With 5.2 - 5.4 for my mods versus GM's 7.9 - 8.1 ... that's 2.5 - 2.9 second improvement on 0-60mph and a 2.4 - 2.6 second improvement over just a cam change.

    compare-jpg
    1982 Dark Blue Corvette
    Crossfire Injection | .496"/.495" Cam | AFR Eliminator Heads | EBL | 3.73
    0-60mph in four and a half seconds



    1995 Trans Am
    1 of 1 Trans Am | 100% documented | RPOs 48U, MN6, and GU6
    Likes Tom Bryant, 82ColEd liked this post
    1982 Chevrolet Corvette , 350 2k RPM Stall Converter + Updgraded Transmission + Governor Set For 5,450rpm Shifts 3.73 Code 42 Dark Mettalic Blue with a twist

  8. #23
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    So would the renegade intake manifold out perform the ported stock intake or a X-ram intake I have read about?

  9. #24
    Moderator KANE's Avatar
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    Quote Originally Posted by Bendeco View Post
    So would the renegade intake manifold out perform the ported stock intake or a X-ram intake I have read about?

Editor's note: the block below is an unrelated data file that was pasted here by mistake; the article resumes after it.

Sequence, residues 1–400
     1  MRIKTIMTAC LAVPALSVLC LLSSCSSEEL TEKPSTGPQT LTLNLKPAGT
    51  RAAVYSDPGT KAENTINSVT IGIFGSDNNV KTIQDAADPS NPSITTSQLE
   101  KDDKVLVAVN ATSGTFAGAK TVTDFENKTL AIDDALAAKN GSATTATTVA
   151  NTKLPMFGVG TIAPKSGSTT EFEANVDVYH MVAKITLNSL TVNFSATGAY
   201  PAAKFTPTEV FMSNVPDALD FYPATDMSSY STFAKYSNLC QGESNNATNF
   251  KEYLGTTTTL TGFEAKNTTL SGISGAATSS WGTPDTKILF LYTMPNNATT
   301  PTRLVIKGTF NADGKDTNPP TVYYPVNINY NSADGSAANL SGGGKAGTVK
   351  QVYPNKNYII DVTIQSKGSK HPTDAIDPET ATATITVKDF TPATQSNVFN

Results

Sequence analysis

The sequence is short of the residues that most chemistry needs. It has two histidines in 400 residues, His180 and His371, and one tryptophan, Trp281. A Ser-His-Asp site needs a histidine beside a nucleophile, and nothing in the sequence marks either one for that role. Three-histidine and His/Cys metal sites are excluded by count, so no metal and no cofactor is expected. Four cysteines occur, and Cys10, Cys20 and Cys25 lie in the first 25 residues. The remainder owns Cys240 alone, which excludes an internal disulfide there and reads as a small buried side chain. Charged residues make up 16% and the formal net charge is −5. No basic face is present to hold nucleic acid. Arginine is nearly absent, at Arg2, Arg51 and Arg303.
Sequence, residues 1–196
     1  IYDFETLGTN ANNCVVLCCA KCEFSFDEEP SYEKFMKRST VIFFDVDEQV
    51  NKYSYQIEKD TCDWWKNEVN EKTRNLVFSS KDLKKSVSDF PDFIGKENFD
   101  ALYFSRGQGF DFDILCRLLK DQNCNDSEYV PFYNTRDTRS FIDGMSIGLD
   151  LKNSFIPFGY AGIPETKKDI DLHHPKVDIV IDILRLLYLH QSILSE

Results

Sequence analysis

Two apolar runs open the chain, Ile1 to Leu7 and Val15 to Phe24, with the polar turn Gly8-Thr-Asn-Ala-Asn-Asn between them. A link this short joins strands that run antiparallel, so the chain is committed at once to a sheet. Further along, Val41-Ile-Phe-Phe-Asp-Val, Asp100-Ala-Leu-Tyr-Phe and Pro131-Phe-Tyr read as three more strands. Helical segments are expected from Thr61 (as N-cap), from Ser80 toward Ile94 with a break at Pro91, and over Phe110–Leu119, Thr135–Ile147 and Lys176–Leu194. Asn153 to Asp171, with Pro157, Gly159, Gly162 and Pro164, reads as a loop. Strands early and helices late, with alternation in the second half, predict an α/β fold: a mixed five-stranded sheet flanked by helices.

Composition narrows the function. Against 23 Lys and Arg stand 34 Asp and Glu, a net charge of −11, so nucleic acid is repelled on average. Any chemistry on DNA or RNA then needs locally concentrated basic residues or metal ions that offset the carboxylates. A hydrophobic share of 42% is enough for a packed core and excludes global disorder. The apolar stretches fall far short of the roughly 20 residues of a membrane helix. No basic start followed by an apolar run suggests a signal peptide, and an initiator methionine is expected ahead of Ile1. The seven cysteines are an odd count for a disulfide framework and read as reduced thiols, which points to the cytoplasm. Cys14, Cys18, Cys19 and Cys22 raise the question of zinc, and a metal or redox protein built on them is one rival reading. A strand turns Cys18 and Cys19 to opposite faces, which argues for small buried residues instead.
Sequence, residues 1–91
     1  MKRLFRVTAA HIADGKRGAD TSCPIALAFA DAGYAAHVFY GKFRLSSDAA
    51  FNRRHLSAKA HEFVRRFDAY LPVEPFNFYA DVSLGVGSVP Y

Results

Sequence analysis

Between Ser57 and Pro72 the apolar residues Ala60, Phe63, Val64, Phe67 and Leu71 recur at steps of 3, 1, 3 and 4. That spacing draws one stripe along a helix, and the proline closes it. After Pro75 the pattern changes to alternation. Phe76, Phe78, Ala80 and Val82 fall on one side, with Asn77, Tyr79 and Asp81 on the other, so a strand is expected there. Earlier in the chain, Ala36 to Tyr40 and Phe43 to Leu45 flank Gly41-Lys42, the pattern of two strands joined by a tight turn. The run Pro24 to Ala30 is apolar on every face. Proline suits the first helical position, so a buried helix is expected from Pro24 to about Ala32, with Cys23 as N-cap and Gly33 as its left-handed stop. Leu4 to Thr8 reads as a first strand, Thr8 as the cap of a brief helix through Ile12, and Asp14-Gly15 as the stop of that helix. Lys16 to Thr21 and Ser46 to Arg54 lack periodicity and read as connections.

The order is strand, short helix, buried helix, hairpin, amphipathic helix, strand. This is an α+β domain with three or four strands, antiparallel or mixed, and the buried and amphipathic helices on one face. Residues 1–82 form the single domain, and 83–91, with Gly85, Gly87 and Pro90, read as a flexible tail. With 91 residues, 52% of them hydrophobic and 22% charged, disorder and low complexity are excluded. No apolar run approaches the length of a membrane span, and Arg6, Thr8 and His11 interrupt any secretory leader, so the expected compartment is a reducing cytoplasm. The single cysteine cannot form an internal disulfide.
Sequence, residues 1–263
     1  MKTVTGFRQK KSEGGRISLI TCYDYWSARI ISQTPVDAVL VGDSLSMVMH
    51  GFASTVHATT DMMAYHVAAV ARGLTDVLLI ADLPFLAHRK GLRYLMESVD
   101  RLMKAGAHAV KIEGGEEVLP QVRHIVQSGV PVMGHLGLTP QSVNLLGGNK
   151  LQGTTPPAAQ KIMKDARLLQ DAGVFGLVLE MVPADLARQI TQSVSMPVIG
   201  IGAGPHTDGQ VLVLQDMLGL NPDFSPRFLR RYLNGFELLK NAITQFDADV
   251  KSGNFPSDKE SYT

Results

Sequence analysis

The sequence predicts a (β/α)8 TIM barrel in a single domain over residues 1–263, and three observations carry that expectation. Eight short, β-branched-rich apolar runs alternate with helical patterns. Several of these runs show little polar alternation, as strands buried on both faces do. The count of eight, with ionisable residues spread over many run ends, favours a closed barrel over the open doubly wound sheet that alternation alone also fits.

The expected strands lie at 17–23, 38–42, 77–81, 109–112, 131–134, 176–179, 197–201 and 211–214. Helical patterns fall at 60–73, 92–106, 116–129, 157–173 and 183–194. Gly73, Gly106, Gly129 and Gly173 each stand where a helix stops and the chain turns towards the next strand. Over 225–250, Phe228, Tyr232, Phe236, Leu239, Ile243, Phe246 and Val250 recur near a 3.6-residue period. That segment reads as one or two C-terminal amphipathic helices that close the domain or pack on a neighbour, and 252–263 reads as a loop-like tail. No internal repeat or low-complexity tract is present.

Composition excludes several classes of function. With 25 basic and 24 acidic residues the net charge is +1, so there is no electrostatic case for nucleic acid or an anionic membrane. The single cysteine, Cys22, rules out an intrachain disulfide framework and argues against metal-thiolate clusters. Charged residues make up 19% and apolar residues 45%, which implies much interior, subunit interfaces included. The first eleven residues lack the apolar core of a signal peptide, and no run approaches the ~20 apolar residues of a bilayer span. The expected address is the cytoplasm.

I'm not really sure which one would outflow the others.

    If I had to guess... Xram and Renegade would be more comparable (not sure which is over which) and ported factory would come in third.

    That's a wild guess though. I haven't seen conclusive data with all three head to head.
    1982 Dark Blue Corvette
    Crossfire Injection | .496"/.495" Cam | AFR Eliminator Heads | EBL | 3.73
    0-60mph in four and a half seconds



    1995 Trans Am
    1 of 1 Trans Am | 100% documented | RPOs 48U, MN6, and GU6
    1982 Chevrolet Corvette , 350 2k RPM Stall Converter + Updgraded Transmission + Governor Set For 5,450rpm Shifts 3.73 Code 42 Dark Mettalic Blue with a twist